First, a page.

This guy built a pretty hot Astra GSi 16v MK3, and mentions use of CAD in designing his turbo (Lysholm 1600 twin-screw) setup, all the kinds of things discussed in this thread.

This is one of the reasons I'm very curious as to Shadows work. It is like getting a huge 3D picture without having to design and fabricate it myself and still getting all the right info.
I agree, it is cool and very intrepid. I also agree acoustics provide a usefull map. I'm not sure, however, it provides "all the right info". I suspect it provides only some-of-right-info. I also suspect it provides some reflections that may not point to baseline first cause(s).

And again, I'm not trying to be critical. This just makes sense to me.

I got a '91 2100 & turbo sitting in corner of garage, just getting my feet wet w/knowledge base to make decisions on how I want to rebuild it & w/what parts. My only experience rebuilding motors was w/'70s era motorcylces, a time preceeding computers. I'm hoping to arm myself w/more precise, reliable info this time around.

If I were to follow your suggested moniker (eg: girlwholikestogofast), mine would probably be: guywhousedtogofastandhasticketstoproveitbutnowwantsgoodlowendpoweronmountainroadsandsomedecentgasmileage. :cheesy:
 

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porting

I was reading about head porting and some guy was using jb weld glue and filling in spots... and he was against polishing...his theory was that roughness cause troubled air which atomized fuel better.
 

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At one time my first statement was true about spending tons of money on a design only to find it doesn't work any better than what's on the shelf. It still happens today. Look at the GM generation of SAAB engines. They have failures that would never had happened in a real saab engine. Bad pistons, oil/lube problems. sticking valves. etc.

Anyhow, even with all the technology out there for the most part once something is designed it usally has to start with someone having a clue as to what works and what doesn't since She/he is the one who is asked about and it's his/her knowledge that goes into the program.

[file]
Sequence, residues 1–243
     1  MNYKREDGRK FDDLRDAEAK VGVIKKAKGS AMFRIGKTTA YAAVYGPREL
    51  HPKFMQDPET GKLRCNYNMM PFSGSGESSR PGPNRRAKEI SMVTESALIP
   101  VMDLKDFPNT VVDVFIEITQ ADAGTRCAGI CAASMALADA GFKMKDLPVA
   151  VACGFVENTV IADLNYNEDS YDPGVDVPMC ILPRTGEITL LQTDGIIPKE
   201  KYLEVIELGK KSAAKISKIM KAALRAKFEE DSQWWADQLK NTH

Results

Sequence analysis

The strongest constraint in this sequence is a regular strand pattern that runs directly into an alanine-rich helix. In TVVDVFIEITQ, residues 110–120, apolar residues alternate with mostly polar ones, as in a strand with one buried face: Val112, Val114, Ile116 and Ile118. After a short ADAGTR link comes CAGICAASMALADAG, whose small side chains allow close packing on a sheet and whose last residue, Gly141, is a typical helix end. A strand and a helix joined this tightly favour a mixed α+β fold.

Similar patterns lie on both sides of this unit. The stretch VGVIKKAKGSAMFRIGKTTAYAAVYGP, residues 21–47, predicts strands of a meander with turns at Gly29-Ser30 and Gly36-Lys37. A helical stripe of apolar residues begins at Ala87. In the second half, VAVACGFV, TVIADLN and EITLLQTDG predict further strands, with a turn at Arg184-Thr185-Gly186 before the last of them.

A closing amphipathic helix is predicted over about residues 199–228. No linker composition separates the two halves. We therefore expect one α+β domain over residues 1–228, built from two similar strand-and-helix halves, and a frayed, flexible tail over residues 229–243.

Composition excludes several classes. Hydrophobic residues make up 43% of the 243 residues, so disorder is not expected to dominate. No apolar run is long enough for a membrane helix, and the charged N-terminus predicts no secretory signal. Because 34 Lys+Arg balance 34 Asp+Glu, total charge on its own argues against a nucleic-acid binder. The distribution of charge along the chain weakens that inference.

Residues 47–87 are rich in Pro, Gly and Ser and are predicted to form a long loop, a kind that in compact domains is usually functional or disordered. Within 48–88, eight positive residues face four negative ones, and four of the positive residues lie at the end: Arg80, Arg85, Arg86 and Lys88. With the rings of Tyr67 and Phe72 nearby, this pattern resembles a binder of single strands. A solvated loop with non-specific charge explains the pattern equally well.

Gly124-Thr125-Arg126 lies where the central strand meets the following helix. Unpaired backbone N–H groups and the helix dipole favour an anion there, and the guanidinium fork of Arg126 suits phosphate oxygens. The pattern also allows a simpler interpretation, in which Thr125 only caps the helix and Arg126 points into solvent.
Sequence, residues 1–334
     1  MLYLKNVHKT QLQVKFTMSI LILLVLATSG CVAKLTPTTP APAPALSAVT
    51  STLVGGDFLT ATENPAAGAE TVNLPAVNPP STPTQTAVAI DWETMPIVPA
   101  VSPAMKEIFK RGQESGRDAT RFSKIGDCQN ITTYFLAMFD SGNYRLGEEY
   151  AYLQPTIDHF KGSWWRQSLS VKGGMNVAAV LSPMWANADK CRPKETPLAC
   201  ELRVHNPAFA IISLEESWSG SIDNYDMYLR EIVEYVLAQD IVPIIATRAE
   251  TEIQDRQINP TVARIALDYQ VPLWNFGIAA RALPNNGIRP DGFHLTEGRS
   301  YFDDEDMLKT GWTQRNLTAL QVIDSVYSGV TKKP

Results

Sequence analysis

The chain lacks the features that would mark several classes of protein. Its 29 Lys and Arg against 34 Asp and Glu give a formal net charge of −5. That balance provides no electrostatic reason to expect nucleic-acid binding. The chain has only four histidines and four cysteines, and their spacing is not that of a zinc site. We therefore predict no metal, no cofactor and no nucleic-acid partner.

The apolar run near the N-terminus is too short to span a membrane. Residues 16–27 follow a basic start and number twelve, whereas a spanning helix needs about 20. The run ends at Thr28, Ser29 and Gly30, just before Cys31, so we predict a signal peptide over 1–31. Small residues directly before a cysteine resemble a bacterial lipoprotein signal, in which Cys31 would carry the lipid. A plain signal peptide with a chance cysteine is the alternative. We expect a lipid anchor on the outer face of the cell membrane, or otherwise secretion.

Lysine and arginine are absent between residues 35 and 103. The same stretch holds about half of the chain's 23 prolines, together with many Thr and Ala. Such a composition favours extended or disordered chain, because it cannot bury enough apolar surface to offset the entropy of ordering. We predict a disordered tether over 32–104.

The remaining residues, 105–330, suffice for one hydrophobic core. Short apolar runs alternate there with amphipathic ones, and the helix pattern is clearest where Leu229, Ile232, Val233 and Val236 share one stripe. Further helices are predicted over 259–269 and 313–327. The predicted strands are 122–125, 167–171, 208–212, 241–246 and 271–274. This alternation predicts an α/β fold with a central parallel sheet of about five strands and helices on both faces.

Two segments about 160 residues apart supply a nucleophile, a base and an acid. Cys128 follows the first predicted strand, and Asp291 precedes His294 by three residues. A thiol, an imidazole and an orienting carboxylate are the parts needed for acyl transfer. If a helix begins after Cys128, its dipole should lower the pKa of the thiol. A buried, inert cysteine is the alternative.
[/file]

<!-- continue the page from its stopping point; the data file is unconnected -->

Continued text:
Lets face it: Basics state, long runners better low end, short runners better top end. the pulse wave for the best response for a V4 is a joined pipe 104" from valve face. Hence Y pipe on single port heads, Dual port heads it's 18" for the dual to y and then seperate pipes all the way back. This was done by a formula. Like a said I don't have the formulas anymore. But this is from memory.

So, the wave harmonics are very important to power in a particular rpm range. There was a project engine that had varible exhaust header lengths and intake lengths, they found the by adjusting the lenghts of the intake or exhaust they could create power anywhere they wanted to but again it wasn't consitant over the entire range. So, they designed a continuously varible system of intake and exhaust headers, valve timing and they found the power band stayed much more constant at any rpm range. Was a prototype.

On the flip side of this they also designed a varible geometry transmission. Basically it only used like 2000rpms of engine power (max torque) and would stay in gear but the gear was varible in size. As max launch power was needed it simply became a very small drive gear large output gear. Once up to speed the gear would become very large and the output gear would become very small. Or is it the other way around. Anyhow, the engine is always in Max power. And completely varible so it's the transmission that changes size/shape and the rpms remain constant.

Theres serveral models out now and if memory serves are called CVT's. Constant varible transmissions.

The technology has been around since 1790 though with varible belt drives. Though physically changed by hand screw. By 1840's the unit was starting to use fly wieghts to have automatic adjustment. Of course it was the size of a VW.

anyhow, What Sha is talking about make great sense but the acoustics for the entire RPM range would have to me homogenized (for a lack of better words) to get the greatest benefit.

So, This is what I have learned. Which seems to be the most constitant information. Exhaust port size has lots to do with exhaust gas velocity, and sonic pulse. etc. When these things are changed so it where the max torque is and where the the turbo spools.

Sha, chime in? I'm still waiting for your results to clarify or nullify my info and to futher my education.